SHM’s Project BOOST (Better Outcomes for Older Adults through Safe Transitions) is an initiative to improve practices in transition care and reduce readmission rates for hospitals across the country. The project’s toolkit, mentoring program, and national advocacy efforts have proven so successful that the program is expanding this year.
In 2008, SHM began the first round of the Project BOOST mentoring program in six pilot hospitals. The first full cycle of Project BOOST mentoring sites began in March at 24 sites. The Hospitalist will feature updates on the full cycle of Project BOOST later this year. For more information about Project BOOST, visit www.hospitalmedicine.org/BOOST or e-mail [email protected].
As a pilot site, Southwestern Vermont Medical Center in Bennington has worked with mentors for the past six months. We caught up with project leader Jennifer Fells, RN, MS, to discuss the institution’s participation.
—Jennifer Fells, RN, MS, Southwestern Vermont Medical Center, Bennington
Question: Why did your group choose to participate in the mentoring program?
Answer: We wanted to reduce our readmission rate, and we knew we weren’t doing a service to patients. This was also a goal of our organization overall; it’s not only a benefit to the hospital, but a larger value when the patient goes back to the community.
Q: How has the BOOST mentoring program benefited your program?
A: It helped us get organized by beginning the process and affirmed our belief that there were ways to address readmissions. The toolkit has proved to be invaluable. The mentors helped us keep on track and offered us guidance. They share the experiences of the other Project BOOST teams, and we benefit from that information.
The changes in the approach to the discharge process were a surprise to us. After we developed our team, we discovered how fragmented the discharge process was throughout the entire organization. Discharges were handled over multiple disciplines, and it was fragmented by design.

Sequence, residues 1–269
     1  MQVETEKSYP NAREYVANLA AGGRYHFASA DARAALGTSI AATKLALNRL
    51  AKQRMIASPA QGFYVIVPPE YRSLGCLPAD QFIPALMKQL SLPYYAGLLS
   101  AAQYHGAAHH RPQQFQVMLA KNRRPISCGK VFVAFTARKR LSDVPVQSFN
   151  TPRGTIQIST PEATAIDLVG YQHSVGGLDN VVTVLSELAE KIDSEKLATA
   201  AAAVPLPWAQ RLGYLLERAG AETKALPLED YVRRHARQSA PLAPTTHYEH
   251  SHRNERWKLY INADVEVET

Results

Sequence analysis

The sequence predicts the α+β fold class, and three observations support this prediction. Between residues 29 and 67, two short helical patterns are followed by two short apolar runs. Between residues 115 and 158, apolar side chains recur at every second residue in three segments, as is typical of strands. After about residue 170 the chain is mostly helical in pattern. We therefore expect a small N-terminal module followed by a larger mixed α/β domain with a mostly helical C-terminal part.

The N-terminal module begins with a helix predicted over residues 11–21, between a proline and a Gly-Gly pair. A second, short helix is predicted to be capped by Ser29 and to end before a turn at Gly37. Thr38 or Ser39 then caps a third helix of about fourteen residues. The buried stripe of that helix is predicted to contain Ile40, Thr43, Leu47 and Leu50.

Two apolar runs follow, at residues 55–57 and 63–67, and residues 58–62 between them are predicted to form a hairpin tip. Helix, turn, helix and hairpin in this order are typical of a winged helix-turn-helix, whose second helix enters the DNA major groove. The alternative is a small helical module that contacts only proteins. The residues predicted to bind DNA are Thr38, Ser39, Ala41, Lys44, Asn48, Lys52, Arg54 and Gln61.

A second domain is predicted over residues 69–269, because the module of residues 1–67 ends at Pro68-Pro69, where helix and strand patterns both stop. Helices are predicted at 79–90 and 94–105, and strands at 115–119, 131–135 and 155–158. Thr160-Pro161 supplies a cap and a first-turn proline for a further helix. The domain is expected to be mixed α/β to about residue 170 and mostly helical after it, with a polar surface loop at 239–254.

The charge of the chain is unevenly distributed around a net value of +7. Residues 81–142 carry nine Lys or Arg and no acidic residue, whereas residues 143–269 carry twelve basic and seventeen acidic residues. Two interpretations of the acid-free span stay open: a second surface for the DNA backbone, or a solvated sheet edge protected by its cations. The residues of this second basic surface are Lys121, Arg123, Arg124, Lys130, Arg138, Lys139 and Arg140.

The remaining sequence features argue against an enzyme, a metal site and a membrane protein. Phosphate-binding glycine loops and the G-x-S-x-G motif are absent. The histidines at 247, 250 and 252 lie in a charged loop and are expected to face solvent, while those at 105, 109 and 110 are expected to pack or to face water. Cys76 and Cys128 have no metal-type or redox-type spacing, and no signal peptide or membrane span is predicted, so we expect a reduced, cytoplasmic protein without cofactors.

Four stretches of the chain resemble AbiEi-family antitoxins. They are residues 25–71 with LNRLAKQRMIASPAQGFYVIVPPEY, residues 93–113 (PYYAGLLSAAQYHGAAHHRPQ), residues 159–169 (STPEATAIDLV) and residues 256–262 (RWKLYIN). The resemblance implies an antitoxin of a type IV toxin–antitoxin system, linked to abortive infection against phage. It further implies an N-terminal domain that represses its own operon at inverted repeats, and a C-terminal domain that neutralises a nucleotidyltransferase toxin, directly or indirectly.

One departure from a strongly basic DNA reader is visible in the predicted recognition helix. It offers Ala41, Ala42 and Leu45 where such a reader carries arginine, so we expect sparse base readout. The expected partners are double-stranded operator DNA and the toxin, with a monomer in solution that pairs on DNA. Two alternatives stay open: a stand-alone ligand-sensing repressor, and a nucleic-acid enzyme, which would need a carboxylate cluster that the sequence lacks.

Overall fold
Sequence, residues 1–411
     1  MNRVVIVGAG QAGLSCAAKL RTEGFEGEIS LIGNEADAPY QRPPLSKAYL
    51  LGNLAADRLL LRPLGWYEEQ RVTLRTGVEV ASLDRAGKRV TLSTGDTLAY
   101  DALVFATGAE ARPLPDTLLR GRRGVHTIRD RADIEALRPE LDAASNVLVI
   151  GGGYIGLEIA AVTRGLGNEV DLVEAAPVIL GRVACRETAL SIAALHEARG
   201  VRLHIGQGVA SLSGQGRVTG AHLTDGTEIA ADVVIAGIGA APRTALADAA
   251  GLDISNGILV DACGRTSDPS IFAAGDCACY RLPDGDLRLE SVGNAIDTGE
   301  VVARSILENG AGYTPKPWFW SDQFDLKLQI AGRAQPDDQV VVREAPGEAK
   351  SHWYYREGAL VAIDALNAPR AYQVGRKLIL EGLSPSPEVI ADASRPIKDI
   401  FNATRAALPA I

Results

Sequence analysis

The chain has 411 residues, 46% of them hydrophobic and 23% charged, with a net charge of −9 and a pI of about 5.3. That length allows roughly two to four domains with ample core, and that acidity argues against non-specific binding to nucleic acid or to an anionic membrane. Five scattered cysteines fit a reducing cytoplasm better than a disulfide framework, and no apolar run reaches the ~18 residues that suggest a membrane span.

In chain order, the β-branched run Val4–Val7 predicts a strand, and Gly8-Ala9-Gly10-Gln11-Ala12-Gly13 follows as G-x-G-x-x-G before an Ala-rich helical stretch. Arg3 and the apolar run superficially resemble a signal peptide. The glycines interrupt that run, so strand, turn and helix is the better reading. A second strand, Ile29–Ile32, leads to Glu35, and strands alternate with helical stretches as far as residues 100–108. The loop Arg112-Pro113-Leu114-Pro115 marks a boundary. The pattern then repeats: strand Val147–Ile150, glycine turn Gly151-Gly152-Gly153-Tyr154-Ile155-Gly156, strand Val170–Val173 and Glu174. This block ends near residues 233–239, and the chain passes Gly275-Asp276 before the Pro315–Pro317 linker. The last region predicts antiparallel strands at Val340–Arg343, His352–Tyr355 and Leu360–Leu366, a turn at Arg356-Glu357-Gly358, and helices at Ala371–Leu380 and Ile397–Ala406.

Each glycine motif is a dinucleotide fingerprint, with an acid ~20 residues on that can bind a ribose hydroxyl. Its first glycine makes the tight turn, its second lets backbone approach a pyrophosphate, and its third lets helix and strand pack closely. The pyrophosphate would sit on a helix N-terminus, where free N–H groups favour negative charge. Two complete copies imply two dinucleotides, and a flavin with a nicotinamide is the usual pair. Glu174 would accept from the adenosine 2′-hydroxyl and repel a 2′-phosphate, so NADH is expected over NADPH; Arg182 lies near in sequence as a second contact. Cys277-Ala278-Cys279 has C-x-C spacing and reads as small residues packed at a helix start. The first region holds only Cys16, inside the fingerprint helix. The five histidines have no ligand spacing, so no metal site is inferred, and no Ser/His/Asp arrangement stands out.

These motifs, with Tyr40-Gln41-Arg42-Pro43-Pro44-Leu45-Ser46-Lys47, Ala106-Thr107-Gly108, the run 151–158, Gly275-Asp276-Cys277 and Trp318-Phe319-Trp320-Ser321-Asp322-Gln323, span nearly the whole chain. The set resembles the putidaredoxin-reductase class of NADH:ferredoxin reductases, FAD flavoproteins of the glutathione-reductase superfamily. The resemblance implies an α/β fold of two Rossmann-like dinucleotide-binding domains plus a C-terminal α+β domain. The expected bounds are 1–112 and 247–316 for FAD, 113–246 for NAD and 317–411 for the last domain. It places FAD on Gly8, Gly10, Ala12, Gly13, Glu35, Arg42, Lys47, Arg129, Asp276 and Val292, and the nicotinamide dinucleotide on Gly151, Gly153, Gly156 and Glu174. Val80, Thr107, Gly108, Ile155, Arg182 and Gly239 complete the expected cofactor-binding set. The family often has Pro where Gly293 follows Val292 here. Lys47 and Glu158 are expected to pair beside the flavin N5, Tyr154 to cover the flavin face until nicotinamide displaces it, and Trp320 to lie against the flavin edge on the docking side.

For example, our documentation, discharge plans, discharge recommendations, and patient-education materials are in different parts of our documentation system.
Q: What did you learn about your program through the initial Project BOOST step: analyze care delivery?
A: We realized that disciplines were not coordinated with one another and there was not enough time for the physician to complete the discharge plan. The process was cumbersome, awkward, and very time-consuming. We were looking to create efficiency in the information that needs to be coordinated to do those discharge orders.
Q: What additional changes do you hope to see in the remaining time with BOOST mentors?
A: We definitely hope to improve our process. We want to have implemented the tools and have a coordinated discharge process, and a centralized way to communicate the discharge plan. We found a lack of communication creates a barrier among disciplines, and we hope to correct that and become more customer-friendly to patients.
Q: How did your site’s BOOST mentor assist in the implementation process? What was the outcome?
A: Our site mentor helped with the clarification of data to be collected for measurement, keeping us on track with the toolkit, and served as another set of eyes. When you are in an organization, and even when you have the appropriate team, you always need somebody to say, “What do you think about this?” or “Did you think about this item?”
It’s another perspective, sharing gained knowledge from other organizations. That’s very critical.
SHM marketing coordinator Nadia Clenending contributed to this report.